AMC Loews Lincoln Square 13 with IMAX

1998 Broadway,
New York, NY 10023

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Showing 201 - 225 of 1,250 comments

moviebuff82 on September 11, 2017 at 5:19 pm

I wonder when AMC will renovate the other screens will they change the name to just AMC Lincoln Square?

bigjoe59 on September 11, 2017 at 1:40 pm


thanks to Mikeoaklandpark for your reply. I am still baffled by it all. I can’t tell you the number of BIG eagerly awaited films that I have seen where the auditorium I see it in is virtually empty. then when I read on Mon. morning that the film had a huge opening weekend I can’t help but wonder where the $$$ came from.

Mikeoaklandpark on September 11, 2017 at 12:34 pm

It was sold out at my local Cinemark and it was in their largest theater

bigjoe59 on September 11, 2017 at 12:02 pm


for people who saw IT at this theater was your particular auditorium any where near full? i saw it at an other AMC/Loews theater and the place was maybe 15 percent full. so how did the film gross $123 mil on the opening weekend?

xbs2034 on September 1, 2017 at 9:32 pm

The Landmark and Lincoln Square will have some overlap on the film’s they play, as tickets for Mother! are on sale for both locations (when you consider how far west the Landmark is, they are probably over a mile away from each other, so it’s not too much for them to play the same film in my opinion).

Also, while Dunkirk has now completed its IMAX run, AMC actually brought back the regular 70mm print on the Loews screen for Labor day weekend.

ridethectrain on August 29, 2017 at 12:28 pm

with the lessoning on competition. Yes I expect competition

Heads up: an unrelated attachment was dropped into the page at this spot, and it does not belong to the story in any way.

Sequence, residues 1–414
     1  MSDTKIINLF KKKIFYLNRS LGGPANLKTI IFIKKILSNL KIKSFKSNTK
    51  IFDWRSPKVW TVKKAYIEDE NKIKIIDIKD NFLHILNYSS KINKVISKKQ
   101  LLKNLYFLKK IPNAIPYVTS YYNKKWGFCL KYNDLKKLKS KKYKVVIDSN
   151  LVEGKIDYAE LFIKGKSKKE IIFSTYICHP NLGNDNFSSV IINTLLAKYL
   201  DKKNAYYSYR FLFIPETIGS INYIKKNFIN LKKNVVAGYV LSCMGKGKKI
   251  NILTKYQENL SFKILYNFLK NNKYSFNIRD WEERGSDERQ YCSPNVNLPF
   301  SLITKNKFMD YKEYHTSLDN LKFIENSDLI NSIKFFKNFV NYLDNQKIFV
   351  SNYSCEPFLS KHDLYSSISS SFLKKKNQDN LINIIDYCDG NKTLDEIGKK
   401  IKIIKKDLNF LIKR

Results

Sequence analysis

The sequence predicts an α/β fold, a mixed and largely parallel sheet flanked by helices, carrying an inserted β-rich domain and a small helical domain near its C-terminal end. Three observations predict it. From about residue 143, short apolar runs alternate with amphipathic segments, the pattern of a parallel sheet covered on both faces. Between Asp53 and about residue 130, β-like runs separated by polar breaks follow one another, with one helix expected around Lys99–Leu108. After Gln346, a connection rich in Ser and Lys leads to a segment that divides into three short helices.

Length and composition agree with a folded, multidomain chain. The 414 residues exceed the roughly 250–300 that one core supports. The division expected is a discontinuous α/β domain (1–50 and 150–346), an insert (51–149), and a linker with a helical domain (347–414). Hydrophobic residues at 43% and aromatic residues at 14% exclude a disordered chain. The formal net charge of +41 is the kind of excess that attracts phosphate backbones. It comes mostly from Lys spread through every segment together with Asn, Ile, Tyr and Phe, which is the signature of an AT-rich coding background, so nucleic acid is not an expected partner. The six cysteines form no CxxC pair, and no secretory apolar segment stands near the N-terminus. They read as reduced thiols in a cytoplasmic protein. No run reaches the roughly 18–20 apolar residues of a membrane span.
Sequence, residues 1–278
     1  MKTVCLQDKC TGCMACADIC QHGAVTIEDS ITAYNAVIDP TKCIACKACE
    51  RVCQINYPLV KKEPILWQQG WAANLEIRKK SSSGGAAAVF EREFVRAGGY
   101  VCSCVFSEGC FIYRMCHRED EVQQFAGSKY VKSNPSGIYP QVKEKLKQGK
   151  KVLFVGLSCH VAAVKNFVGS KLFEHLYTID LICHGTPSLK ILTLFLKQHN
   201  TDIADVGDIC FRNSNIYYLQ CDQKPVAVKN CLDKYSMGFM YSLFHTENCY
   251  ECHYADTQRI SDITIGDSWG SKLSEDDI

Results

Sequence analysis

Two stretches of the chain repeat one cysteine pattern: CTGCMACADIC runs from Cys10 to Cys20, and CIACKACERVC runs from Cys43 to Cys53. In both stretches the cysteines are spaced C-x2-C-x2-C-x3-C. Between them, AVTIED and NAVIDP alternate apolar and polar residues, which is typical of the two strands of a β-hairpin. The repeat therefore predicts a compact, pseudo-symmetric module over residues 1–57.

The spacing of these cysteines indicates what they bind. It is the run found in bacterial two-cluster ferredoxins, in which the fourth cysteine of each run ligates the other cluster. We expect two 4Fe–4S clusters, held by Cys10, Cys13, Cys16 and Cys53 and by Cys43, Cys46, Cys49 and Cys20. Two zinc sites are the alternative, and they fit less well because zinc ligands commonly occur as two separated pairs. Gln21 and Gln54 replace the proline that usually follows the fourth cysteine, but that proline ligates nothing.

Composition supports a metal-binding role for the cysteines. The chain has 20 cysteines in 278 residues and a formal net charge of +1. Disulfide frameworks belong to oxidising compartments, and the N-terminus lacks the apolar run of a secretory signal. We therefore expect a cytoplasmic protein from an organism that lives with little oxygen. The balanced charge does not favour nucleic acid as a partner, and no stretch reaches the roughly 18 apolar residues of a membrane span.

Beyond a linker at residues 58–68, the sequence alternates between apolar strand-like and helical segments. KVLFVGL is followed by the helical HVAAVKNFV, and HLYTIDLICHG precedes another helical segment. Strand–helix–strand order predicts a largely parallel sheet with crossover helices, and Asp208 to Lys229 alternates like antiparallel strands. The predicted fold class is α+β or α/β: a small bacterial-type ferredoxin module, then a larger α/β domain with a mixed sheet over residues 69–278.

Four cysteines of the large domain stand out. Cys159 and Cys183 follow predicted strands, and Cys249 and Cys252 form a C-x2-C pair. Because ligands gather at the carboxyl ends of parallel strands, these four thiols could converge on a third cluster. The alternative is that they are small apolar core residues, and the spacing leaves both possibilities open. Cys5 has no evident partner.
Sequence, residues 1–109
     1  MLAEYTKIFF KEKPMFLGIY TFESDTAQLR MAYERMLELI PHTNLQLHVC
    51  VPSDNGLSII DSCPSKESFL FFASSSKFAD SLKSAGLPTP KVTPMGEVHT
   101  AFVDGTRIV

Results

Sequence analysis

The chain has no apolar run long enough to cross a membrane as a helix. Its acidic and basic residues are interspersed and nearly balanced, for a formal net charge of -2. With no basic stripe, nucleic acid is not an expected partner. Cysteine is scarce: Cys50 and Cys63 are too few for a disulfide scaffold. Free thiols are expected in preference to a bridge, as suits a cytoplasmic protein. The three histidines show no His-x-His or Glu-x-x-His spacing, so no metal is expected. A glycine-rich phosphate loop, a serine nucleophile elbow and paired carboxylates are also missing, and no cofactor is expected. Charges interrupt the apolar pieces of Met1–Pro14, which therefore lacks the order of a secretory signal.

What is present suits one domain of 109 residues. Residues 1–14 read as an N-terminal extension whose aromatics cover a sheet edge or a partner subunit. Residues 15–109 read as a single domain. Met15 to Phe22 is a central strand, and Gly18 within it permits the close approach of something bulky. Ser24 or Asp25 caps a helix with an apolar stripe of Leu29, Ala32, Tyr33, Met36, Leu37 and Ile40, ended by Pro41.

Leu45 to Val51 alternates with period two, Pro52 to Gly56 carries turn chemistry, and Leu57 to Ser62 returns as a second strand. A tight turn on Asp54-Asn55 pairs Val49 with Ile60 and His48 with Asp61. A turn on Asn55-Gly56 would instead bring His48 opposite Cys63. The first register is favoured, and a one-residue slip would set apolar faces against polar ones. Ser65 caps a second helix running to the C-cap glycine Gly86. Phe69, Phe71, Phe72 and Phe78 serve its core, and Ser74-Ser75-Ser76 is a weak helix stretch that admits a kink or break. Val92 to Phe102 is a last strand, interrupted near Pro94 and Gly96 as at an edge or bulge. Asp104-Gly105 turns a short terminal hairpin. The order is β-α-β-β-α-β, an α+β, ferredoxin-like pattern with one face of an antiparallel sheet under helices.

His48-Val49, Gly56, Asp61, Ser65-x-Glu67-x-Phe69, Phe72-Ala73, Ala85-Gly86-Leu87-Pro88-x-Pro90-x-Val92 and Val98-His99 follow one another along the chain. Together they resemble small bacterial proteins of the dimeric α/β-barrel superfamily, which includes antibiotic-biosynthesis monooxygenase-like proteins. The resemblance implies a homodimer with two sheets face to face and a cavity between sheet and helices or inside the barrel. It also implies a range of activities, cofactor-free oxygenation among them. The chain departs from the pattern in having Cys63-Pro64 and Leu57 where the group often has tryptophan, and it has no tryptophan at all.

Al Alvarez
Al Alvarez on August 29, 2017 at 12:18 pm

With eight screens I imagine they will play anything they can get.

bigjoe59 on August 29, 2017 at 11:26 am


to Al A., boy the stuff you know and I thought I knew a lot. I wasn’t aware Mark “Shark Tank” Cuban was the owner of the Landmark chain. what you said about affording the same films as the places you stated is certainly a valid point. but is the new multiplex going to be art house fare or a mix with big studio films. one thing I like about the Sunshine is it only plays art house fare.

Al Alvarez
Al Alvarez on August 28, 2017 at 2:25 pm

If they can avoid playing the same films as Lincoln Plaza, Lincoln Center and Lincoln Square, they can succeed. Don’t forget that Landmark’s owner, Mark Cuban, also owns Magnolia Film and can provide himself area exclusives the same way IFC and Cohen do in Greenwich Village.

bigjoe59 on August 28, 2017 at 12:49 pm


thanks for the reply. as I see it the success of the new multiplex depends on the people in the immediate are frequenting it. I doubt anyone else will venture to 57St. and 12th Ave. to see a film. its kind of like the 62 St. and 1st Ave. multiplex which opened in 1992? while it was a modern state of the art facility at the time it didn’t help it in succeeding and that was a fairly residential area as well.

Al Alvarez
Al Alvarez on August 28, 2017 at 12:22 pm

bigjoe59, it is a growing neighborhood full of bars and restaurants with several new condos going up. The area is already so popular that that the community board gets constant late night noise complaints from local residents.

bigjoe59 on August 28, 2017 at 12:11 pm


to Al A.– i hope you don’t mind me posting a question on this page since the theater in question doesn’t have a page yet. this Sept. Landmark Theaters will open a multiplex on 57Th St. and 12th Ave. who in the name of God is going to go to a theater on 57th St. and 12th Ave.?

CF100 on August 28, 2017 at 11:22 am

In the interests of truth seeking, from “Perception while watching movies: Effects of physical screen size and scene type”:

“5.1. Why do presence ratings increase with screen size?